Middle East

FIFA bribe allegations raise more questions over Qatar World Cup

(Reuters) – The 2022 World Cup in Qatar, the only major scheduled football event left unchanged after this year’s calendar was wrecked by the coronavirus, has become the focus of fresh FIFA corruption allegations after the release of a new US Department of Justice indictment.

Suspicion and rumors have long surrounded the 2010 vote by FIFA’s executive to hand the 2018 World Cup to Russia and the 2022 tournament to Qatar. But on Monday, for the first time, prosecutors set direct, formal allegations down in print.

According to the prosecutors, representatives working for Russia and Qatar bribed FIFA executive committee officials to swing votes in the crucial decision of world football’s governing body.

FIFA did not immediately respond to a request for comment.

Although FIFA has responded to previous media allegations about the Qatar bid process by insisting the tournament will be unaffected, the US allegations will lead to further questions over the hosting of the competition, which is scheduled for November and December of 2022.

The allegations made by the Department of Justice are that then FIFA vice-president Jack Warner was paid five million dollars through various shell companies to vote for Russia to host the 2018 World Cup.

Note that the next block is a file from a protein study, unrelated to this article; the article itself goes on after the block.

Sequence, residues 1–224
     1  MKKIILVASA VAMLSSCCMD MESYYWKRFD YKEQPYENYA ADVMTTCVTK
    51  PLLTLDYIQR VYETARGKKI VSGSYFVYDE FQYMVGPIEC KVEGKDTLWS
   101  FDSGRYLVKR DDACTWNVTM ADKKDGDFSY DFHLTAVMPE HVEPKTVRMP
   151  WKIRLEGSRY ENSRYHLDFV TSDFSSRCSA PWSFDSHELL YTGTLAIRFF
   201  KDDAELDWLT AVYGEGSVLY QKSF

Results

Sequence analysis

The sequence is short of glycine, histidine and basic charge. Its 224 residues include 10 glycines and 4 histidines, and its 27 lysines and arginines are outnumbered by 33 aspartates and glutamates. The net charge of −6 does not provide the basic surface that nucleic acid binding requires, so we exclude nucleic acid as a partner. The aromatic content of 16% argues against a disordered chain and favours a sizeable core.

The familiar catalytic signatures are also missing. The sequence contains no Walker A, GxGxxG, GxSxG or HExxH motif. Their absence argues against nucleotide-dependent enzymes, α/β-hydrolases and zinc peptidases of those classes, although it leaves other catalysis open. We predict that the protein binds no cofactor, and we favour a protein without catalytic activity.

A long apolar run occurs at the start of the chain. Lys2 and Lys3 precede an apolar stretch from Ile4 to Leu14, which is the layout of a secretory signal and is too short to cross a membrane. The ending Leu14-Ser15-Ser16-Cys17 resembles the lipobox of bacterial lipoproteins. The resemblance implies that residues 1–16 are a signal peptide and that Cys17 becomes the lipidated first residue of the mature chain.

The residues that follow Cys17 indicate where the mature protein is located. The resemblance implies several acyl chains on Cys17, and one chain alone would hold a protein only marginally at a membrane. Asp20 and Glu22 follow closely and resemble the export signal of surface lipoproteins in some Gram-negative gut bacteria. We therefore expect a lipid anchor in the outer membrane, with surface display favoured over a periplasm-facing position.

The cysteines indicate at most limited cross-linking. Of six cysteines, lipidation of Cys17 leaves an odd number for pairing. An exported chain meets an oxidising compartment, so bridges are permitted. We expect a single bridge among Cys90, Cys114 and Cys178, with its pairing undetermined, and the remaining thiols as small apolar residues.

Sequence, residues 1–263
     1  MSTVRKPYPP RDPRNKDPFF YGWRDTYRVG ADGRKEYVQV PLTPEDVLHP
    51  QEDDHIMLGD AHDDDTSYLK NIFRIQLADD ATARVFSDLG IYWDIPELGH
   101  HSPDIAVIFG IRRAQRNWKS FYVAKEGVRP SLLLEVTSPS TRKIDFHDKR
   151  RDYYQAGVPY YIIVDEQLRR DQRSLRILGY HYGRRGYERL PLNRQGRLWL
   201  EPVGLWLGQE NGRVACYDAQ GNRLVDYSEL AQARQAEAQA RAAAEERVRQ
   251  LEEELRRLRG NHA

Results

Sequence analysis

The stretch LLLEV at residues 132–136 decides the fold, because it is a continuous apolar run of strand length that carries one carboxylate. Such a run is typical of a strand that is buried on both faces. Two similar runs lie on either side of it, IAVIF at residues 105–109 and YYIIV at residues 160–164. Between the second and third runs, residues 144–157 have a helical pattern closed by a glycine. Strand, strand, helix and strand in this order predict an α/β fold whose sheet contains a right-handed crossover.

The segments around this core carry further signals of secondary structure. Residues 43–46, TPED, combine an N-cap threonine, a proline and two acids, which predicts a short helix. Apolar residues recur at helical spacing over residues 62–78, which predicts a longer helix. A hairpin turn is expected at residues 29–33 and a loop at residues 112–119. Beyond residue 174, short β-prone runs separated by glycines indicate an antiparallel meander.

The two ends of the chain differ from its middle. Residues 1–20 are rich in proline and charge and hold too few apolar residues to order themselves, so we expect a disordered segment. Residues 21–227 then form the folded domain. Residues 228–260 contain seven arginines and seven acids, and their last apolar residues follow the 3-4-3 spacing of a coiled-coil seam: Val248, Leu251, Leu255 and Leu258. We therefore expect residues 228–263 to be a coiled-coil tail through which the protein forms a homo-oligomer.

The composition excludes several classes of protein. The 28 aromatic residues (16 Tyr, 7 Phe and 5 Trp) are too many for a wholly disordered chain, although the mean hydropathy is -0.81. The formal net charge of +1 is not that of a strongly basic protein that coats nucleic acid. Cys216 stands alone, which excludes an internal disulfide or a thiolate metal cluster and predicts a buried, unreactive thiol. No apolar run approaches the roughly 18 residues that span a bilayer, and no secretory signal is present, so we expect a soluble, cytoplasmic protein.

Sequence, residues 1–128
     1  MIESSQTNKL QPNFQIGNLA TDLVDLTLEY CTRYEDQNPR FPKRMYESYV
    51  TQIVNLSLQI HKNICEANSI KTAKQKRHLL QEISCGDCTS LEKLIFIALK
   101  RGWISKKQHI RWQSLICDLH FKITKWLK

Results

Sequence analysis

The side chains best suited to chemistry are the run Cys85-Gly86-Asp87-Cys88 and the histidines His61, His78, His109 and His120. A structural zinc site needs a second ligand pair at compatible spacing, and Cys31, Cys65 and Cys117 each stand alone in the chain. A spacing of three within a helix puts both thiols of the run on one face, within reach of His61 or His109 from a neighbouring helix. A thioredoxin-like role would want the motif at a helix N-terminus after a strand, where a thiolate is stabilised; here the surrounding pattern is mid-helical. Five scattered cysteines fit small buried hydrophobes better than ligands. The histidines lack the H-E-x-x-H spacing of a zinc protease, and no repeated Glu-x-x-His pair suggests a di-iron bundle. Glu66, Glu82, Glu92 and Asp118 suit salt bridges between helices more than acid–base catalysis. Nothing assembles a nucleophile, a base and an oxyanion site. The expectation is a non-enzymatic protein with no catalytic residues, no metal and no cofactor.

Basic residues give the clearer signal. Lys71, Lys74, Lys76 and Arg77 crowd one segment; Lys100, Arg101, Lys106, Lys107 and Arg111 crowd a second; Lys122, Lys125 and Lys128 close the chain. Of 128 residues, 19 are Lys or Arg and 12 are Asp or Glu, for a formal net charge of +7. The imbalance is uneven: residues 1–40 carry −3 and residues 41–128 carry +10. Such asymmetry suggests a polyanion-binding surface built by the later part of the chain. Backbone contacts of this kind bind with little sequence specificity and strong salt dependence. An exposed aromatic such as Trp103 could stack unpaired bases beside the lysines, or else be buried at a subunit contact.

Warner has been accused of a number of crimes in the long-running US probe, and he is fighting extradition from his homeland of Trinidad and Tobago. Warner, who was not immediately reachable for comment, has always denied any wrongdoing.

The indictment also states that the three South American members of FIFA’s 2010 executive — Brazil’s Ricardo Teixeira, the late Nicolás Leoz of Paraguay and an unnamed co-conspirator —took bribes to vote for Qatar to host the 2022 tournament.

“Ricardo Teixeira, Nicolás Leoz and co-conspirator #1 were offered and received bribe payments in exchange for their votes in favor of Qatar to host the 2022 World Cup.”

Qatar and Russia’s World Cup bids have always denied paying bribes. Qatari organizers did not provide immediate comment when contacted by Reuters.

Alexei Sorokin, CEO of the local organizing committee for Russia’s 2018 World Cup, did not immediately respond to a request for comment.

Asked if the Kremlin was aware of the US indictment, Kremlin spokesman Dmitry Peskov said: “We read the media reports. We don’t understand what they refer to. Russia received the right to host the World Cup completely legally. It is in no way linked to any bribes. We reject this. And Russia hosted the best soccer World Cup in history, which we are proud of.”

Teixeira was also not immediately reachable for comment.

The Qatar World Cup organizers have been fending off allegations of corruption ever since the tiny Gulf state was awarded the 2022 tournament.

In 2014, FIFA, then under the control of former President Sepp Blatter, cleared Russia and Qatar of wrongdoing in their bids to host the World Cup after an investigation.

Blatter was banned from football by FIFA along with scores of other officials following internal ethics investigations, promoted by the arrests of seven FIFA officials on US corruption charges in Zurich in May 2015.


Reporting by Simon Evans; Additional reporting by Gabrielle Tétrault-Farber, Alexander Marrow and Maria Grabar in Moscow; Editing by Hugh Lawson

Image: Workers walk towards the construction site of the Lusail stadium which will be built for the upcoming 2022 FIFA soccer World Cup during a stadium tour in Doha, Qatar, December 20, 2019. (REUTERS/Kai Pfaffenbach/File Photo)

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